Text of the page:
Friday, August 26, 2011

Something Old, Something New, Something Borrowed, Something Blue #4

One of FBF's oldest themes is back!  Let's check out a few tunes via YouTube.

Hound Dog Taylor
For Something Old this week, we'll go back to the early 70's with the legendary Hound Dog Taylor and the Houserockers.  If you're a fan of Alligator Records, you owe a big debt of gratitude to the Dog.  Bruce Iglauer started the label with the intention of recording Taylor.  At the time, Iglauer worked for Delmark and had no luck getting the label to record his favorite act, so with a small inheritance, he started his own label to do just that.  Iglauer ended up releasing four more albums of Taylor's music, each one perfectly capturing that raw, ragged sound that captivated Iglauer and so many others in the first place.

The hand of the Hound
Taylor was born in Natchez, MS, but moved to Chicago in his early 20's, becoming a full time musician in the late 50's.  He was known for his wild shows at local bars and on Maxwell Street, his cheap Japanese guitars and for having six fingers on his left hand.  His band consisted of drummer Ted Harvey, and bass player Brewer Phillips and they were also the basis for Alligator's motto - "Genuine Houserockin' Music."  The first track I ever heard of Taylor's was the opening tune on his debut Alligator recording, "She's Gone."  From that point, I was hooked.  Some Taylor recordings that have become classics are the immortal "Give Me Back My Wig," "Wild About You, Baby," "Walking The Ceiling," and this manic instrumental track, "Taylor Rock."  If you want to hear more from Hound Dog Taylor, a great place to start is Alligator's compilation, Deluxe Edition, but by no means should you stop there.  That fine collection merely scratches the surface.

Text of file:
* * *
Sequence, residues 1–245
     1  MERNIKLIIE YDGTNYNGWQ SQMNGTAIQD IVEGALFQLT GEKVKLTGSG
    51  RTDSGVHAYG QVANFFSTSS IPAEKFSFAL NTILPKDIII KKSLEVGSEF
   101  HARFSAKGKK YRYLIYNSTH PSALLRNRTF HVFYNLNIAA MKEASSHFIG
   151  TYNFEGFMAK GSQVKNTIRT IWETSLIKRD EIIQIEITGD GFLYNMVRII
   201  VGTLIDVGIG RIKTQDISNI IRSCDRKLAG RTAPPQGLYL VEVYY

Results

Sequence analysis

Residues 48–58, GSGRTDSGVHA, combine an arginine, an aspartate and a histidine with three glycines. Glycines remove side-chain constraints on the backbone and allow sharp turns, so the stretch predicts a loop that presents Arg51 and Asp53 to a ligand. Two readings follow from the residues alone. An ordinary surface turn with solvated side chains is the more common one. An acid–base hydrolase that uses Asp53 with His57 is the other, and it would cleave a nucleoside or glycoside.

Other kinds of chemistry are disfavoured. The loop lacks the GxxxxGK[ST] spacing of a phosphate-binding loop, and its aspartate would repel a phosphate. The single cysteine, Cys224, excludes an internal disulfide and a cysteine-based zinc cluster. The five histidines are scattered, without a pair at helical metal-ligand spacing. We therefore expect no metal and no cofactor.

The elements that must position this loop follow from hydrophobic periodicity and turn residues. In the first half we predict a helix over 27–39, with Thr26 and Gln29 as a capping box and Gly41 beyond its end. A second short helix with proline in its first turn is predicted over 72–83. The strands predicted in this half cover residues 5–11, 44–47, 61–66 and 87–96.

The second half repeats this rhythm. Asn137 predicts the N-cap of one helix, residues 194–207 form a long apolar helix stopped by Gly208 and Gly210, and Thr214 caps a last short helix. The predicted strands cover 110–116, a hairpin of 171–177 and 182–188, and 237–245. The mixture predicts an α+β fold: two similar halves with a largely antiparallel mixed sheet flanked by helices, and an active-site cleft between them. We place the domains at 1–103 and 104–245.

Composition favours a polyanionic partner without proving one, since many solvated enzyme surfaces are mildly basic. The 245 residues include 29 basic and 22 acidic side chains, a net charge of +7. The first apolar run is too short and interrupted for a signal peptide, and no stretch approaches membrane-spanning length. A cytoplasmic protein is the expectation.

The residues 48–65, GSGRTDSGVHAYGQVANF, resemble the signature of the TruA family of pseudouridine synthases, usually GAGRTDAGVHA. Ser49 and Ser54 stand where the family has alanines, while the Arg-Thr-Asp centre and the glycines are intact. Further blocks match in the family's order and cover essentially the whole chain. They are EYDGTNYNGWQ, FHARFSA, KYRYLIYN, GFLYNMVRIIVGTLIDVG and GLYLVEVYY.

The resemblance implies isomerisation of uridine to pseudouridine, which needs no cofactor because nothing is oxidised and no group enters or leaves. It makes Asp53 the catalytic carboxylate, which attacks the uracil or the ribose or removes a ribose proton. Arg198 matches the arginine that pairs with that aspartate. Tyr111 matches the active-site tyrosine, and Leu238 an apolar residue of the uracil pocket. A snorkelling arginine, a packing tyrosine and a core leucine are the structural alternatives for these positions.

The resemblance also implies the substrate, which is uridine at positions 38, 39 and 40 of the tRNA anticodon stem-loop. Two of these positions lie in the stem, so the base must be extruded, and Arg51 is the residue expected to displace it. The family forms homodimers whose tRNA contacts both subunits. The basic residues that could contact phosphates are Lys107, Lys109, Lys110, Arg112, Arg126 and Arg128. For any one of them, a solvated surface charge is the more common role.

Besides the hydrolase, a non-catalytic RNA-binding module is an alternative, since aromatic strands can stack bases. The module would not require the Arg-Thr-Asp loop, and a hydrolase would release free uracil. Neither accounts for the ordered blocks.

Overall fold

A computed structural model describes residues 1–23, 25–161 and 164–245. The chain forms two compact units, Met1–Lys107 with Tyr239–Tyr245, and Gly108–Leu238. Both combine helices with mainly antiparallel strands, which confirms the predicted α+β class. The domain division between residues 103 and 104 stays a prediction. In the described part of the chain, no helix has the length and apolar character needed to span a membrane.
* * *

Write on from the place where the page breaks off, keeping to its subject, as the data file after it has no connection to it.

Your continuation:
Something New comes from one of the surprises of the summer, Ruf Records' Girls With Guitars disc, featuring three amazing young female guitarists.....lead guitarists Samantha Fish and Dani Wilde and bassist Cassie Taylor, all three in their early 20's.  Fish has been wowing blues fans in Kansas City for a couple of years, Wilde has two well-received CDs to her credit, and Taylor has appeared on several of her father Otis' recordings as well as one of the late Gary Moore's releases as a vocalist. 

The trio made up this year's edition of Ruf's Blues Caravan tour and released this impressive album earlier this summer.  Fish also released a marvelous CD on Ruf just a few weeks ago, Runaway.  Keep an eye on these ladies.....I imagine you will be hearing much more from them over the next few years.

Boz Scaggs
For Something Borrowed, we could almost call this tune Something Stolen.  In 1968, on Boz Scaggs' self-titled second recording for Atlantic Records, one of the highlights was a marathon version of "Somebody Loan Me A Dime," featuring some simply incredible guitar work from Duane Allman.  For some reason (not his doing), the label listed Scaggs as composer of the song, when credit should have gone to the actual composer, Fenton Robinson.  Robinson eventually sued (successfully) for composer credit, and later on, he re-cut his own masterful version of the song for Alligator Records a few years later, but the version by Scaggs and Allman really eclipses all comers.  Listen for yourself.